Work Begins for South Sudan

By Will Connors and Maggie Fick

Officials of the Republic of South Sudan basked Sunday in the glow of a one-day old nation. By Monday, they will begin work on building an economy that now depends on oil for 98% of its revenue.

South Sudan officials say they will focus on weaning the economy away from oil by investing in the country’s agricultural sector, which is among the most fertile in the region. But the world’s newest country, hived off Saturday from Sudan, Africa’s largest nation, still lacks basic health, education and roads, not to mention hotels, a decent airstrip and other essentials to accommodate investors.

Given those challenges, celebrations aren’t expected to last long. South Sudan is already a major recipient of aid as it seeks to create the conditions for domestic and foreign industry to flourish. The U.S., for example, has spent $300 million on development assistance to South Sudan as it has sought to create a new government. The European Union recently approved a similar amount of aid to the country.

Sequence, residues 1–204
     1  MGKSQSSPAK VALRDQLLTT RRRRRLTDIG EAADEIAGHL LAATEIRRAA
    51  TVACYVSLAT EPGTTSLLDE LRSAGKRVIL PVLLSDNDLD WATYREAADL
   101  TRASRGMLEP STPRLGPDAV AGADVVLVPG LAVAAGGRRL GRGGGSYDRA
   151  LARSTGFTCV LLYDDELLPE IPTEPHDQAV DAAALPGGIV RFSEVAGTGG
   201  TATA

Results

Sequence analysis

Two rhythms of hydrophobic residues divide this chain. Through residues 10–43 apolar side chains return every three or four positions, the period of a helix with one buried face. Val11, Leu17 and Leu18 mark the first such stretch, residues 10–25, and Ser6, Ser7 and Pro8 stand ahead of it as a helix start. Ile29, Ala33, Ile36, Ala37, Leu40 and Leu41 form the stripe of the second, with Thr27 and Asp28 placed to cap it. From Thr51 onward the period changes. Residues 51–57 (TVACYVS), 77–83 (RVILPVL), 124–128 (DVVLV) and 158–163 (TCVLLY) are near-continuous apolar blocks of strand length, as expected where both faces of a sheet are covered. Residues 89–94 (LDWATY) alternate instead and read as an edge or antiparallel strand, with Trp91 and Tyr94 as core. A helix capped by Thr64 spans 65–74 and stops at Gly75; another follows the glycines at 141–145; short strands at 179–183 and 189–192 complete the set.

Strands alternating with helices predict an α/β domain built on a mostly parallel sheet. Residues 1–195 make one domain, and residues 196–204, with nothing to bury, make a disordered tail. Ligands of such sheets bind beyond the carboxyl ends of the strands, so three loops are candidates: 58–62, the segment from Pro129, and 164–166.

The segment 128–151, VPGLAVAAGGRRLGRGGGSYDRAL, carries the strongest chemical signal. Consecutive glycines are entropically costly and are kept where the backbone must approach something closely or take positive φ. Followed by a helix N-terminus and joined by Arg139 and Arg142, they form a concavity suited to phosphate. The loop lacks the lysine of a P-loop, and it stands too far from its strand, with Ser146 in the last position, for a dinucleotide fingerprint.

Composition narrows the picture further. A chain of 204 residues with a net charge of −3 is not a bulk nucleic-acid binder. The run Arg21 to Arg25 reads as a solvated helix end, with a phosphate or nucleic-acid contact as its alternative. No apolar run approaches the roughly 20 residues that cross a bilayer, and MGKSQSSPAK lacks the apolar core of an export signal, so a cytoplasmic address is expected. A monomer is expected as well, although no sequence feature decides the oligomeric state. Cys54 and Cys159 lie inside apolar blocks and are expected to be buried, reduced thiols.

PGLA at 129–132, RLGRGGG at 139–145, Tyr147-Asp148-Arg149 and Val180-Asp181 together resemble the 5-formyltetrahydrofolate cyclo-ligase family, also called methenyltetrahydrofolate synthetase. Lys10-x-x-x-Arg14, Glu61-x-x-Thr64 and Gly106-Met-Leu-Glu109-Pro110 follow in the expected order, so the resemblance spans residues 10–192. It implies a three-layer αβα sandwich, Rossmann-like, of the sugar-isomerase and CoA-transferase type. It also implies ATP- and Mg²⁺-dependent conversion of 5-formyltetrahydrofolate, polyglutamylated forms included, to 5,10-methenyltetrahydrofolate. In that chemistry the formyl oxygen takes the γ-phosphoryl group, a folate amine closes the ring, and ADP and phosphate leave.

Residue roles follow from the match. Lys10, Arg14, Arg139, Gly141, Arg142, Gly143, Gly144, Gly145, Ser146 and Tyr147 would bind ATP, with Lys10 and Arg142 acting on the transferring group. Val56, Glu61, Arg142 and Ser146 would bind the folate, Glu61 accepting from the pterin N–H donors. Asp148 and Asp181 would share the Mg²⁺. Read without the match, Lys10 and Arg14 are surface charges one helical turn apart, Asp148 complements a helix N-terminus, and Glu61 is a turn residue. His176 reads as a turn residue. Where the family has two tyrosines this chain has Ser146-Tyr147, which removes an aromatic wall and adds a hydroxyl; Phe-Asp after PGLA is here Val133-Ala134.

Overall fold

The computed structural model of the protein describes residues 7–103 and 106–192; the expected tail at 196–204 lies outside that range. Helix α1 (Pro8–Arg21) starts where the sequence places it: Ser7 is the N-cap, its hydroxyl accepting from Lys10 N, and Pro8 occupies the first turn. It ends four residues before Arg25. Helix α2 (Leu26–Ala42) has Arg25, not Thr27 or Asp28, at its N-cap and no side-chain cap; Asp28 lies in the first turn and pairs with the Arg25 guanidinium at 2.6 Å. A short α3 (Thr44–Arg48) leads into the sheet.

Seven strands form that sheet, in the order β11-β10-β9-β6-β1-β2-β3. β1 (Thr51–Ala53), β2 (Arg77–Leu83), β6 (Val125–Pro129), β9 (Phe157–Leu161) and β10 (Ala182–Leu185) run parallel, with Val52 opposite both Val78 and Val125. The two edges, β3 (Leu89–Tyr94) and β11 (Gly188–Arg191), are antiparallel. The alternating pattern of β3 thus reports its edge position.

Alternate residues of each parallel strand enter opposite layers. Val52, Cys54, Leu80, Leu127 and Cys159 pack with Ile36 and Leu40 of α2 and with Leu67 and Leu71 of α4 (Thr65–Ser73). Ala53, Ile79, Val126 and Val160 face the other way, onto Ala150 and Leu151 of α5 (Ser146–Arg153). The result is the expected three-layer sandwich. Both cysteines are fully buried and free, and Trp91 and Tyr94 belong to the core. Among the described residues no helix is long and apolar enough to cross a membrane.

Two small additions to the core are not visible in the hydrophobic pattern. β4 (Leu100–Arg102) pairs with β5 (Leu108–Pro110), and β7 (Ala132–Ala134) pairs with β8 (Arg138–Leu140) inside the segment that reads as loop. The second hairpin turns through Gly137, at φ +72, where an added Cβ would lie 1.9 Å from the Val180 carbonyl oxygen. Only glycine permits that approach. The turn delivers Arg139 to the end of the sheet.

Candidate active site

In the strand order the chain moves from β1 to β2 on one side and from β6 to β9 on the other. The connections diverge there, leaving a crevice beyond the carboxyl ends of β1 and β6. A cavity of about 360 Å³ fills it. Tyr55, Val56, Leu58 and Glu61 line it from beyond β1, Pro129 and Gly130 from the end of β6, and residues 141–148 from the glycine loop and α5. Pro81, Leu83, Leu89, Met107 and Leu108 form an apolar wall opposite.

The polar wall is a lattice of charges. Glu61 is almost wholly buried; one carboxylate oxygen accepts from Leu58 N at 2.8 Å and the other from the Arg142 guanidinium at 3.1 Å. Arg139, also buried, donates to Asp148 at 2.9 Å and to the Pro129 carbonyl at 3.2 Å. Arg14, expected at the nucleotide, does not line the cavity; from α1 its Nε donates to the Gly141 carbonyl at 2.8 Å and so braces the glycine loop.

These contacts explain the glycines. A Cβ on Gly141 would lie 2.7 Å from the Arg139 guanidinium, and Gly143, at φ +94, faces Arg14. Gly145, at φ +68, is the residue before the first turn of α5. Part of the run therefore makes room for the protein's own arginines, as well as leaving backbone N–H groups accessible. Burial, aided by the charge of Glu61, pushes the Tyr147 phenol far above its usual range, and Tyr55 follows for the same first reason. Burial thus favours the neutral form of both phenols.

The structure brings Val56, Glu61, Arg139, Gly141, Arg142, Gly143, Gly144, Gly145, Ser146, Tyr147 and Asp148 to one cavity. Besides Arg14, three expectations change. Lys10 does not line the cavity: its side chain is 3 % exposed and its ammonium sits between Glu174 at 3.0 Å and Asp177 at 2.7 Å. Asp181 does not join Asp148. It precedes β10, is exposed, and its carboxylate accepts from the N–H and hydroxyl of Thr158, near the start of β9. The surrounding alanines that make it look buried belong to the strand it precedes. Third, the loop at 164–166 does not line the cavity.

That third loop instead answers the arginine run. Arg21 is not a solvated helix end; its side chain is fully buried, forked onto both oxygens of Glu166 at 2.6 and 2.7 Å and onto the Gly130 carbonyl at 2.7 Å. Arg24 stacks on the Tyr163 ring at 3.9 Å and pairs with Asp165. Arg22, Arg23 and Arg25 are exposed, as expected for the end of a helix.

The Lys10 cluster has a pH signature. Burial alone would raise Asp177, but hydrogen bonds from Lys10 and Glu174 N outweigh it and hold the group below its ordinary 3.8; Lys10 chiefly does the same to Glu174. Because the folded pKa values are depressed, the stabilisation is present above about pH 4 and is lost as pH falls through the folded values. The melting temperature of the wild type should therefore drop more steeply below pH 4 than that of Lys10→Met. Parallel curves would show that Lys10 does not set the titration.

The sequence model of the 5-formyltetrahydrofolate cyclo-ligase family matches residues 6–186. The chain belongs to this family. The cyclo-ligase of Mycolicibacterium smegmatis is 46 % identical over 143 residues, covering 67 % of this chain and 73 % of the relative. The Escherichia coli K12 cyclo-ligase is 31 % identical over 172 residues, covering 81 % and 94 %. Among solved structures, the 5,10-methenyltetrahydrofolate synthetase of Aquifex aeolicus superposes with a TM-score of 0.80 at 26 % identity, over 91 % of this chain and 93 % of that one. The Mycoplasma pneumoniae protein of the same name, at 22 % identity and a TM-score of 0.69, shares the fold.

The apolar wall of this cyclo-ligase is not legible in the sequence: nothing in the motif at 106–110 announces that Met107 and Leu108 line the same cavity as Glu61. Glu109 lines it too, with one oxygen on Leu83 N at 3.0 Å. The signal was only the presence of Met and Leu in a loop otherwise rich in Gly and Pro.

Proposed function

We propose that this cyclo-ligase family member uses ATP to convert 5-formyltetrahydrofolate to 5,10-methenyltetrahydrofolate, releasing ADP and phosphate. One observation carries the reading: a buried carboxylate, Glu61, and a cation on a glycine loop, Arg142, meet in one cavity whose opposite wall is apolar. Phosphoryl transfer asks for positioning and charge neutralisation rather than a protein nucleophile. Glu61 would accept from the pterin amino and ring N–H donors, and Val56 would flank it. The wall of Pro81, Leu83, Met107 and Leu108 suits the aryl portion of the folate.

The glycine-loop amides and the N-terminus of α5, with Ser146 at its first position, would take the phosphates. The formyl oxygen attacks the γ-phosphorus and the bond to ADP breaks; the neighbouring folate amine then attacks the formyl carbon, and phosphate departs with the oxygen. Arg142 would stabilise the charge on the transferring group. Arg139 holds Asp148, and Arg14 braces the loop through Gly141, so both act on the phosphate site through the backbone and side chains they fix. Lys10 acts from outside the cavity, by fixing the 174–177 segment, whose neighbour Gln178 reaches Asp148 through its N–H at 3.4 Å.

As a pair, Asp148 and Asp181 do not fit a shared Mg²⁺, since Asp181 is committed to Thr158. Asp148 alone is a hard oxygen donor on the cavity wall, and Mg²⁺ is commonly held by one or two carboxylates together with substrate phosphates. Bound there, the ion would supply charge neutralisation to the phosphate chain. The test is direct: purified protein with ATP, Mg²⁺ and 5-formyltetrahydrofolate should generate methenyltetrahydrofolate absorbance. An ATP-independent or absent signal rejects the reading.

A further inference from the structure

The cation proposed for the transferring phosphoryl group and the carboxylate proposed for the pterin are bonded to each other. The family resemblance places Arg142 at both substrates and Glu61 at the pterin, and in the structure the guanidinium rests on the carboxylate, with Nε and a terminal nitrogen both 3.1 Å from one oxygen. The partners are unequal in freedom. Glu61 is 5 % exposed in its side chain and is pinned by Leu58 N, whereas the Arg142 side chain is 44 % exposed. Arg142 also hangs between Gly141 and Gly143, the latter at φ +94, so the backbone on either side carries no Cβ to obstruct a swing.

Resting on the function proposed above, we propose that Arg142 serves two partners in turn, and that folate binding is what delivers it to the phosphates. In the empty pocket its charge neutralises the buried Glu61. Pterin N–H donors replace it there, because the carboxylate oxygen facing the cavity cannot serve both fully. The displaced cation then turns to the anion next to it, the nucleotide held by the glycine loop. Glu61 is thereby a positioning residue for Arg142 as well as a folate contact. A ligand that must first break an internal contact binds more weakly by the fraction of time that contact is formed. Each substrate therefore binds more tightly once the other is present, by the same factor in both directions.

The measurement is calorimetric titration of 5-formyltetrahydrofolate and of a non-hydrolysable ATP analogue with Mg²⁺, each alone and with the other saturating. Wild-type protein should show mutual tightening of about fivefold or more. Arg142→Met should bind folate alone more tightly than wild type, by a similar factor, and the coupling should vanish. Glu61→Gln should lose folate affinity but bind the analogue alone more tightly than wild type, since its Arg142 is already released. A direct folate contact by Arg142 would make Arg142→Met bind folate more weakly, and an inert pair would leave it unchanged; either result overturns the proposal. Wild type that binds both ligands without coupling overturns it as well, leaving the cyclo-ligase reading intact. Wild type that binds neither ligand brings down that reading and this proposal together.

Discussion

“There really isn’t a private sector that’s sufficiently broad” to absorb the unemployed, U.S. Ambassador to the United Nations Susan Rice said on Sunday. “There is a great deal to be done,” she added.

Still, South Sudan has lots of oil. Nearly all of the 500,000 barrels of oil produced a day between north and south comes from the south. But the south splits the oil revenue with the Khartoum-based northern government, which owns the pipelines, refineries and ports from which the oil is exported. Since a 2005 peace accord with the north, the south has depended on oil revenue to pay salaries and keep its interim government running. Read more…

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US Secretary of State Hillary Clinton on South Sudan’s independence. Read it here

As published in www.washingtonpost.com on July 11, 2011.


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